A couple of comments noted that an announcement or explanation before the harp music started would have helped listeners know what was going on. We do have a lovely informative Gentle Muse poster that we sometimes display while we play. Furthermore, the completely public process of unstrapping the harp from the cart, taking the dust cover off the harp, setting the levers, and unfolding the harps tool ordinarily provides sufficient of notice that there’s going to be harp music. (It also provides onlookers with an intriguing diversion.)
Neither the poster nor the harp set-up spectacle would however, help a room-bound patient who could not see them. In this case, it could be useful for a staff person or the Muse to briefly visit the rooms of nearby patients to mention that soothing harp music will be played shortly I the hall for a half an hour or more, and to offer to close the door if that patient prefers to shut the music out.
As to the type of music we play, two comments out of the 182 responses noted that it “needs to be more upbeat,” and that it “is not upbeat enough.” These appeared to be isolated reactions. Any muse to whom a listened mentioned this at the time, however, would undoubtedly be glad to segue into something more spirited. A related though more approving comment was by a patient who found it “Good as long as it doesn’t get too much like ‘new age’ music.”
The other comments from patients, staff, and visitors were overwhelmingly positive. That so many responses to the open-ended comments item were positive seem to indicate that our choice or repertoire, focus on how our music may affect our listeners, and intent to create a healing environment for them are effective means to our ends.
Many comments mentioned the music’s effects, in particular, its effects in diminishing stress and anxiety, and in calming listeners. This seems particularly noteworthy since the words “stress” and “anxiety “ did not appear either in the HOPES program cover letter, or in the survey form itself,
Although the survey concerned only the effect of the music on each respondent, a number of MGH staff comments also mentioned the music’s effects on patients as well,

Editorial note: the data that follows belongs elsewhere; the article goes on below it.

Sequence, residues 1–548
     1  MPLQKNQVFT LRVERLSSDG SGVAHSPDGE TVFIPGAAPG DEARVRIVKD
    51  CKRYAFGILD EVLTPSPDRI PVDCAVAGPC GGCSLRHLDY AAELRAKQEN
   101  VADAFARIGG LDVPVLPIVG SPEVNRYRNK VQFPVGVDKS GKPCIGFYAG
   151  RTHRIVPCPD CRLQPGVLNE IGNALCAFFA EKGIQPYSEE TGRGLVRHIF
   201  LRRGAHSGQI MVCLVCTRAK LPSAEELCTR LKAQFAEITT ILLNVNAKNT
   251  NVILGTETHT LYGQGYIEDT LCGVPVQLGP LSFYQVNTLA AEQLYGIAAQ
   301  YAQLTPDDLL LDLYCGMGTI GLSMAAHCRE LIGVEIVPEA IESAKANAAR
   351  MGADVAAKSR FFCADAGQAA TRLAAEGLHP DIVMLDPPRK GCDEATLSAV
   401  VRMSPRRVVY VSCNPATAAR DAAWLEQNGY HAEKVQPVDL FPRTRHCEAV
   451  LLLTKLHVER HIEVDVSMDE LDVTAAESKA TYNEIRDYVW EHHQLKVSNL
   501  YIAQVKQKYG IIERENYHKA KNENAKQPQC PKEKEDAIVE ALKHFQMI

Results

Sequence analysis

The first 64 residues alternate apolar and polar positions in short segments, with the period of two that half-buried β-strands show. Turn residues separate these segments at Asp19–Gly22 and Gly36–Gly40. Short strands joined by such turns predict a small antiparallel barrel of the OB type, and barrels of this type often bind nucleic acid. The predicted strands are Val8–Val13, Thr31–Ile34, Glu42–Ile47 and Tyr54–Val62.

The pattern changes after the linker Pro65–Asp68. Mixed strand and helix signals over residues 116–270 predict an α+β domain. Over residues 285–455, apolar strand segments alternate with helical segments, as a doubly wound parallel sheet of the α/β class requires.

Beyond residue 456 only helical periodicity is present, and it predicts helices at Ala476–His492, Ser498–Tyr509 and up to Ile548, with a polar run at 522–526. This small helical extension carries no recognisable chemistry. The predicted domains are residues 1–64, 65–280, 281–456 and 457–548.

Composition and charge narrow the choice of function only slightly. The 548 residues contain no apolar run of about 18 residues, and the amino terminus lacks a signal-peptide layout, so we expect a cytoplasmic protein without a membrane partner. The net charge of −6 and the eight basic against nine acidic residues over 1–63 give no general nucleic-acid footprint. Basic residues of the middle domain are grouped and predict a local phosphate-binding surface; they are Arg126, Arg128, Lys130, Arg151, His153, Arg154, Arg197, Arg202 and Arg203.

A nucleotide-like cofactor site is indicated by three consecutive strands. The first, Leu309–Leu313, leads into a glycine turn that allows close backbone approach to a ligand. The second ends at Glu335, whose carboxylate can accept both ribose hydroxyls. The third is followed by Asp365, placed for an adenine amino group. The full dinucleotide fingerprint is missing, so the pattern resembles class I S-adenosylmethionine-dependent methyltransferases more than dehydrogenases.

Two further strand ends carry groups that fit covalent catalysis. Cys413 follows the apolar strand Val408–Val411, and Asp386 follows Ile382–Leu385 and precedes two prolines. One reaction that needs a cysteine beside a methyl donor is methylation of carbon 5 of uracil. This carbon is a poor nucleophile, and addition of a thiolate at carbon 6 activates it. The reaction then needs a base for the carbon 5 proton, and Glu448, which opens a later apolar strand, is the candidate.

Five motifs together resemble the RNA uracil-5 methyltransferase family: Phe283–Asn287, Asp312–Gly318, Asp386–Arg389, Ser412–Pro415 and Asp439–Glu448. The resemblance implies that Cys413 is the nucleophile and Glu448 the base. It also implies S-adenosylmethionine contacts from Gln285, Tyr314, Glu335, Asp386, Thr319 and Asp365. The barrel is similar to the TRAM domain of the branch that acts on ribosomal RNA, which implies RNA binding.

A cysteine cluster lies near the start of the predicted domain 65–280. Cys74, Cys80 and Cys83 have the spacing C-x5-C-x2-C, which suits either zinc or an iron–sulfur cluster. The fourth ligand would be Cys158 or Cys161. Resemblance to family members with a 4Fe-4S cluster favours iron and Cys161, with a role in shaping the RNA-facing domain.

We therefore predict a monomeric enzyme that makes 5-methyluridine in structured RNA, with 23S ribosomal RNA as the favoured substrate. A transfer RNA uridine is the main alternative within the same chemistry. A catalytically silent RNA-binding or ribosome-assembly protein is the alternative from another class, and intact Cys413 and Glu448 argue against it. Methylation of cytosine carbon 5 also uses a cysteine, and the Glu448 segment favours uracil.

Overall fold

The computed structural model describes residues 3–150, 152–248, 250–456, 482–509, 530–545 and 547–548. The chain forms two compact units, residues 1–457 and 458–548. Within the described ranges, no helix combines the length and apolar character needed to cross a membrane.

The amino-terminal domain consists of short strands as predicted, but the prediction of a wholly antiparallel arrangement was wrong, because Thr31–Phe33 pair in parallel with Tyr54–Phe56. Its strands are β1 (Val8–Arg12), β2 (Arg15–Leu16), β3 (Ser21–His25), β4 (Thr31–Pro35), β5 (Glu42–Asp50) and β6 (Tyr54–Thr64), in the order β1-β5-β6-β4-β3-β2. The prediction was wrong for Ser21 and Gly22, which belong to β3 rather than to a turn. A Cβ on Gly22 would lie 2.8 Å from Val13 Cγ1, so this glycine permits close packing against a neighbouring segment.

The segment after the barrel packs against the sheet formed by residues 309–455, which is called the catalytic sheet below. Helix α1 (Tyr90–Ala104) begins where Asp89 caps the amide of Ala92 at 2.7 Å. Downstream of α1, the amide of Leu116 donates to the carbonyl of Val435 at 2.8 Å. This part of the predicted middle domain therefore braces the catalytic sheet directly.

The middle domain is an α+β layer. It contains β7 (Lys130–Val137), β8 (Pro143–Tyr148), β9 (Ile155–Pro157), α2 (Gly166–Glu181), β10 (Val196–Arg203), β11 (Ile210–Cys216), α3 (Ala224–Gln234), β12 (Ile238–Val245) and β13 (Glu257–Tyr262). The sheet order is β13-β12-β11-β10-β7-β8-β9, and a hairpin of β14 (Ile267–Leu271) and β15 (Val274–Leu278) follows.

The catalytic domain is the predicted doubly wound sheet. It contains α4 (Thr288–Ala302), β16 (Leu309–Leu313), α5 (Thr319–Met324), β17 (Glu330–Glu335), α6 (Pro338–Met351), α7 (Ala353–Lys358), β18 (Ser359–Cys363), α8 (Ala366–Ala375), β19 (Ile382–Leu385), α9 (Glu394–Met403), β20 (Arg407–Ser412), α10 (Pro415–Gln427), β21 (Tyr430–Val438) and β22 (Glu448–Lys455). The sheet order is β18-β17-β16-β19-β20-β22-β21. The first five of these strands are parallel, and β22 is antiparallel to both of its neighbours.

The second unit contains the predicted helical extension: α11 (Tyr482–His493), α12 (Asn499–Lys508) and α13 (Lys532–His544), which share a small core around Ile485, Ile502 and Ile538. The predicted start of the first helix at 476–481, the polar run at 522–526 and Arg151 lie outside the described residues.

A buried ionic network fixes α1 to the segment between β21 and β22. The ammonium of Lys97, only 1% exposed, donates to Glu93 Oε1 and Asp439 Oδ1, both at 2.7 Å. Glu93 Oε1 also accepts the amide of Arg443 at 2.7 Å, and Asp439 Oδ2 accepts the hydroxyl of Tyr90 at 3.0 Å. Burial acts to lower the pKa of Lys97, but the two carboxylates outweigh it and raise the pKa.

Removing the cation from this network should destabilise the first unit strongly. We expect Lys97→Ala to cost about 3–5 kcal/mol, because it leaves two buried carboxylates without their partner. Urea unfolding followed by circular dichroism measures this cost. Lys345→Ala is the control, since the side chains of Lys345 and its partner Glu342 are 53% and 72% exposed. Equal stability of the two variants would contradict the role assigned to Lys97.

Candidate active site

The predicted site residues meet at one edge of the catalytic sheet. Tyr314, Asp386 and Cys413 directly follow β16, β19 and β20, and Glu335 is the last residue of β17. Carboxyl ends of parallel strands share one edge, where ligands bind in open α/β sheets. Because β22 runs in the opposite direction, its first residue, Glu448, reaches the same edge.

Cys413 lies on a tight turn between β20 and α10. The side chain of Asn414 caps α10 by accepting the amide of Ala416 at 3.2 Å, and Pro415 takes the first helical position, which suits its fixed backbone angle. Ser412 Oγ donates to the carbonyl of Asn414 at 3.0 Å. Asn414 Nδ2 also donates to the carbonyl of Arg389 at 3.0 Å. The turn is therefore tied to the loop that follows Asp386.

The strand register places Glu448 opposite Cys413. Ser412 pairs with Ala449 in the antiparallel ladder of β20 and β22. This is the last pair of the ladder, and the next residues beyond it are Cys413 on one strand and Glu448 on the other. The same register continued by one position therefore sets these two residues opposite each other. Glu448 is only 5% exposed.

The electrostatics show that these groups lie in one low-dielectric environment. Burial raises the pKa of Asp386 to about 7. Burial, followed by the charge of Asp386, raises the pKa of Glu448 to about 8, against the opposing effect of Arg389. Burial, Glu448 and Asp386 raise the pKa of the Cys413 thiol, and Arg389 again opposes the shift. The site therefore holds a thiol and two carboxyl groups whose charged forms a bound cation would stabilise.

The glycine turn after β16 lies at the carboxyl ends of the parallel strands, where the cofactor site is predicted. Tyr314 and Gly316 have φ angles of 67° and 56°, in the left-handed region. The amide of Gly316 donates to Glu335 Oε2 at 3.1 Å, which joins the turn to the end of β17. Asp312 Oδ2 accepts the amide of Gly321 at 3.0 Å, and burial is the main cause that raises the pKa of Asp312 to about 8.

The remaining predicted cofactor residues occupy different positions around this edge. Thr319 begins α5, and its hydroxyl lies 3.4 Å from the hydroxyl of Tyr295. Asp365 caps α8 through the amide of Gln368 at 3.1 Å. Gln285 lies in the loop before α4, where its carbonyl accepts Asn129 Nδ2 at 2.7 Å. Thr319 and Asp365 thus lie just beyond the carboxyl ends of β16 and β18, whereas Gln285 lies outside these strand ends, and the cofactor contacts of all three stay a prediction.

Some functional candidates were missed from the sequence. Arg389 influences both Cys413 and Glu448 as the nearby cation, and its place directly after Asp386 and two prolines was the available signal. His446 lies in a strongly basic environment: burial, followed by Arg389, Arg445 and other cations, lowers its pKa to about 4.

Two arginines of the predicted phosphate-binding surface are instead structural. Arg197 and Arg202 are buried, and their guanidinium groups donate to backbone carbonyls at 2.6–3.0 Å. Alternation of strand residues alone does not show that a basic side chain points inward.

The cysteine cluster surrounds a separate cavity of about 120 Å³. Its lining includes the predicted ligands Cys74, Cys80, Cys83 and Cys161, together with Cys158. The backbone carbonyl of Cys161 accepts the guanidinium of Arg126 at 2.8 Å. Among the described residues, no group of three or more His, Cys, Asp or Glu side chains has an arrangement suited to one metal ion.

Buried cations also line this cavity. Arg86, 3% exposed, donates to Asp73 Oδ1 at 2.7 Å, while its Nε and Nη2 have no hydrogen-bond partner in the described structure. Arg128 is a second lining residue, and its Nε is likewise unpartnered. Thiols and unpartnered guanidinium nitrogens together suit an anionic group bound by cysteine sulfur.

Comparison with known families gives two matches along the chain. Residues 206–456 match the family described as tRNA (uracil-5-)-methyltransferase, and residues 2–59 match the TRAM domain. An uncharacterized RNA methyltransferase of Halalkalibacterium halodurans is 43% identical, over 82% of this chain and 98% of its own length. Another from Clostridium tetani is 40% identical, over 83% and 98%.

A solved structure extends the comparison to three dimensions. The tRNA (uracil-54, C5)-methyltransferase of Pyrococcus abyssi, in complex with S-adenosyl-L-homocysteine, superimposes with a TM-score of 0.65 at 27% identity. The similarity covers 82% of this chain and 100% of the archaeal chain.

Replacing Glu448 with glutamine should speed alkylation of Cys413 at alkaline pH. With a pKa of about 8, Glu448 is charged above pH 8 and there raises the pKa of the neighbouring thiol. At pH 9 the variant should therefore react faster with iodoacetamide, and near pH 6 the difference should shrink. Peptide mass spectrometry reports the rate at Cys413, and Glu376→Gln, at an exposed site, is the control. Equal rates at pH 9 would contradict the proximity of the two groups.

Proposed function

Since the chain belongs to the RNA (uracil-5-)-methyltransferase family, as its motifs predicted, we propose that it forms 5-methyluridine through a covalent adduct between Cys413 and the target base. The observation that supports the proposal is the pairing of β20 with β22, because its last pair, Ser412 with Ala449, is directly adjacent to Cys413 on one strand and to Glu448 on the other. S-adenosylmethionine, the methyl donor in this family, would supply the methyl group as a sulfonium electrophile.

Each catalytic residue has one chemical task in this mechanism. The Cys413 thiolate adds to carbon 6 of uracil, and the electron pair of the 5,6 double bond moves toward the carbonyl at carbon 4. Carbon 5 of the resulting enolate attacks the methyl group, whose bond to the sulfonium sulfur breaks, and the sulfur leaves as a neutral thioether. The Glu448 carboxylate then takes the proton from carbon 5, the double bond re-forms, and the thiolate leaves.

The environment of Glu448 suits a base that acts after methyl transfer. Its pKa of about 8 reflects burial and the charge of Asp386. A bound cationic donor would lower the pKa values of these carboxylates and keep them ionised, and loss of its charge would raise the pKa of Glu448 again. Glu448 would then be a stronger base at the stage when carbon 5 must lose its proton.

“I think having harp music helps to relieve stress in patients and staff on a hectic day. It helps me relax and I can re-focus. We need to have harpists here more often.” “This is very lovely and it relaxes the patients so that they are not so anxious.” The harp music…relaxes and calms patients. I work for an infusion unit and have heard lots of great comments from patients.” It relaxes patients so that they are not so anxious.”
“As a staff RN on this busy unit,... I find it extremely relaxing, it can very much take the edge off the stress of the demands of a busy area. I have always heard positive feed back from patients as well, Thank you.” It’s very relaxing for our patients to have something to calm them down... I think it should be played every day!” “Very calm and soothing for the patients.” The Gentle MUSES come to [an inpatient unit] at a very hectic time of day [3-7pm] so it is a nice break from this chaotic pace.”
Comments from patients themselves, and from their family members and friends, bear out the MGH staff’s observations.
“Absolutely wonderful! I have chemotherapy today and I was anxious until I sat and listened to the music.” “It helped make our first time more peaceful.” “It has a soothing effect on me and on my friend who is undergoing chemotherapy.” “I think it’s very soothing and my daughter here almost fell asleep.” “We had been here once before and when we… heard the music today it was so pleasant and…reassuring that there was a sort of familiarity and order to what seemed so jarring and chaotic (i.e. chemo treatment).” “It was very soothing and a great comfort to me. I enjoyed this harp music immensely. [I] heard it once before and look forward for it again.”
Some other comments are also worth quoting. “This is my second day here so I’m pretty tense. Thought it took my mind off me.” “What a blessing in a stressful situation.” “I was feeling very ‘blue’ today and this really was relaxing!” “A pleasant surprise.” “It makes me feel good.” “Love the sound.” I feel calm and centered and great.” “Would like the harpists to play more frequently.” “I find it wonderful to have this kind of music in such a hectic environment, it is a moment of peace and serenity. “
From the HOPES program survey, it accordingly seems fair to draw several conclusions.
The Gentle Muses are grateful to Bruce Chabner, MD, Clinical Director of the MGH Cancer Center and Chief of Hematology and Medical Oncology and to Katie D Binda, LISCW; Director of the HOPES program, for their imaginative foresight in establishing the Gentle Muses and for their unstinting support of it. We are also grateful to Katie Binda and Stacey Paiva, Program manager of the HOPES program, for their dedicated efforts (including those on their personal time) in conducting this survey, doing the analysis, and advising on this article. Our sincere thanks also the 182 MGH patients, family members, friends, staff and volunteers whose generous participation made this survey possible.